Will this be the year of the recessive movie male?

It’s much too early to tell with any certainty, as it only takes a few powerful contenders to set what seems to be a mood for an awards season. In the last round, it only became clear with the Producers Guild of America nominations in early January that, Dunkirk and Darkest Hour aside, white men were in cinematic eclipse, as films like Lady Bird; I, Tonya; Three Billboards Outside Ebbing, Missouri; Get Out; and, of course, The Shape of Water put other demographics in the spotlight.

But so far, this year’s pre-season tell-tales point toward an even more pronounced shift away from male dominance in films that are likely to score points on the prize circuit. (Never mind the narrow weekend box-office victory of The Equalizer 2 over Mamma Mia! Here We Go Again.)

Bleecker Street; A24

That had to catch your eye in Eighth Grade, A24’s well-received picture about a struggling, digitally deranged young girl (Elsie Fisher) as she claws her way through adolescence. She’s charming. So is her single father, played by Josh Hamilton. But he is, after all, a completely passive character — loving, supportive and really just a foil for his daughter, who occupies the screen, and screens within the screen, throughout.

In Bleecker Street’s Leave No Trace, similarly admired by the critics, another father, played by Ben Foster, is the remnant of a once-strong male who was damaged by undescribed wartime experiences. As the movie unfolds, he fades. By the end, his teen daughter (Thomasina McKenzie) is emerging from her chrysalis to become the strong, complicated, fully formed woman that many of the films viewers would hope to be.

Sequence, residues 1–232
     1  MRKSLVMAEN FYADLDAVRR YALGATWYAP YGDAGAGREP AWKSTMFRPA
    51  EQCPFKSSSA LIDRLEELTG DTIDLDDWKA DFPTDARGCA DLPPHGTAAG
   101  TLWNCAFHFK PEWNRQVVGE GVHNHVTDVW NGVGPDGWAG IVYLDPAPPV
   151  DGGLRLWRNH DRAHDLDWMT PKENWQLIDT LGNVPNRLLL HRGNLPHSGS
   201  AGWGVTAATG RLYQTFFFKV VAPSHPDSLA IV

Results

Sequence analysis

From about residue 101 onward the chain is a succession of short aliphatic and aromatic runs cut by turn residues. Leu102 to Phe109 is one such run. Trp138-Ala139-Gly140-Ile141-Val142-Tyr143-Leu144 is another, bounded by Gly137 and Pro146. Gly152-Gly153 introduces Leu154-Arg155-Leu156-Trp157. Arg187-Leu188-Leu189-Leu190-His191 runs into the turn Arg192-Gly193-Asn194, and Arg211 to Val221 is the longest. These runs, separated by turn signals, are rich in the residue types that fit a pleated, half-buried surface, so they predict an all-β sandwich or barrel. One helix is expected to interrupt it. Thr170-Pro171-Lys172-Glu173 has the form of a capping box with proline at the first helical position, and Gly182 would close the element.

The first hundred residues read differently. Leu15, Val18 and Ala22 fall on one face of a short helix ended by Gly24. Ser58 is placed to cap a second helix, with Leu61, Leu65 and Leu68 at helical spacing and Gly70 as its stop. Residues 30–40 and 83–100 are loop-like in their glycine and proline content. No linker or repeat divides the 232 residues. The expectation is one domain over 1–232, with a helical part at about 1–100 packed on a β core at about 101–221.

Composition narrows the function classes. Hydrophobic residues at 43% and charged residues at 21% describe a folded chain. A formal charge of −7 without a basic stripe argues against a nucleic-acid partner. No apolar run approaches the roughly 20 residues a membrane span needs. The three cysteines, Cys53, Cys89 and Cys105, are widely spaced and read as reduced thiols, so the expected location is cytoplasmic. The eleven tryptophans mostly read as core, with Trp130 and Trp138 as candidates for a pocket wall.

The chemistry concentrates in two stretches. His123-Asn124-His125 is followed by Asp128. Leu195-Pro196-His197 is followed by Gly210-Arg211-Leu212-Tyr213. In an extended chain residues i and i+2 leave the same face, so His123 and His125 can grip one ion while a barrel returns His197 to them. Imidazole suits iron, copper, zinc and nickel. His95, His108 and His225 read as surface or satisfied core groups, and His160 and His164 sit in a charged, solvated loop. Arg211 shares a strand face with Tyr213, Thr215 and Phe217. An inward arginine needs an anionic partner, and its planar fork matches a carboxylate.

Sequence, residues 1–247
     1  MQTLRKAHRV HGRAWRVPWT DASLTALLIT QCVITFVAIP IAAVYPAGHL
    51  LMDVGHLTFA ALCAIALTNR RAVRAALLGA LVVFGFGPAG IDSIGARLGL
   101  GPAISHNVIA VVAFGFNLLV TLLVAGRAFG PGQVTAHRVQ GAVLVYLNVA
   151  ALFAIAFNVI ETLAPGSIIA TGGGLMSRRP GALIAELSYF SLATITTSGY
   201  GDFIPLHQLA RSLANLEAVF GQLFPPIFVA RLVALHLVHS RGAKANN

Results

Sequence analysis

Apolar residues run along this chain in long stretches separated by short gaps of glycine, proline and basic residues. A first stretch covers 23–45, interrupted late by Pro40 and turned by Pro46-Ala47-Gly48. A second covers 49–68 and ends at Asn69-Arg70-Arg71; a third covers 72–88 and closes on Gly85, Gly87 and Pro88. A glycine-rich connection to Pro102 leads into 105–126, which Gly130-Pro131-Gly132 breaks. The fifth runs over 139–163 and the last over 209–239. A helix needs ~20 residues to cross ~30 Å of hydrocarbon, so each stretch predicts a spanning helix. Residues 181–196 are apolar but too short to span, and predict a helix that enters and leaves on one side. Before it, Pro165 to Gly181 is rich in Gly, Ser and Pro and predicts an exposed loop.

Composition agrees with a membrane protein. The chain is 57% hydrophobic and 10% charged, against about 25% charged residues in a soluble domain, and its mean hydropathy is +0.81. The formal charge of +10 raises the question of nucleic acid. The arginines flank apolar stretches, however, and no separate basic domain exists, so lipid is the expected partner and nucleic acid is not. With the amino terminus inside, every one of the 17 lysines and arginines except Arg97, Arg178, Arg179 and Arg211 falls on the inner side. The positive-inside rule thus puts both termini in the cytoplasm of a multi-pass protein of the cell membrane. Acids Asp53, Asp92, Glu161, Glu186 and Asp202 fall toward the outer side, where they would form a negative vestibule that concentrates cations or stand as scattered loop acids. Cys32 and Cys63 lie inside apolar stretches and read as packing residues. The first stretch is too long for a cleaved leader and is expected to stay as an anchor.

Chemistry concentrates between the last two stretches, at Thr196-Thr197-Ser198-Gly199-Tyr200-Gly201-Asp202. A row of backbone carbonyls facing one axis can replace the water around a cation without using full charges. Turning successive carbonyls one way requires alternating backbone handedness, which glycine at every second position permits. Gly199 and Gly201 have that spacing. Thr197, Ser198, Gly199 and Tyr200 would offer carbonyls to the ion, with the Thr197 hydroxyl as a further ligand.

In October (and featured in a theatrical trailer currently attached to Eighth Grade) comes the granddaddy of all receding movie males, known as Norman Maine in 1937 and 1954, John Norman Howard in 1976, and here as Jackson Maine, played by Bradley Cooper in Warner’s latest version of A Star Is Born. Whatever the character’s name, the underlying story remains the same: A tottering Svengali falls in love with a young female understudy, (now played by Lady Gaga) who soon outshines him. She rises to the empyrean. He fades to black, in what proves to be a perfect fable for 2018.

Also popping onto the trailer circuit is the latest rendering of Mary, Queen of Scots, this one from Focus Features, with Saoirse Ronan as the Catholic Mary and Margot Robbie as the Protestant Elizabeth. “Sisters,” rivals and both very powerful — the trailer tells us so — neither leaves much space for a dominant male. “How did the world come to this? Wise men in the service of women!” one befuddled courtier gasps to another in the promo.

There are more. Bill Nighy is there to support Emily Mortimer in The Bookshop. Keira Knightley is far out front in Colette. And we don’t have to worry about co-star Armie Hammer or any other man stealing the bench from Felicity Jones as Ruth Bader Ginsburg in On the Basis of Sex, due from Focus on Christmas.

So keep an eye on that recessive male. He might be a dominant theme in 2018.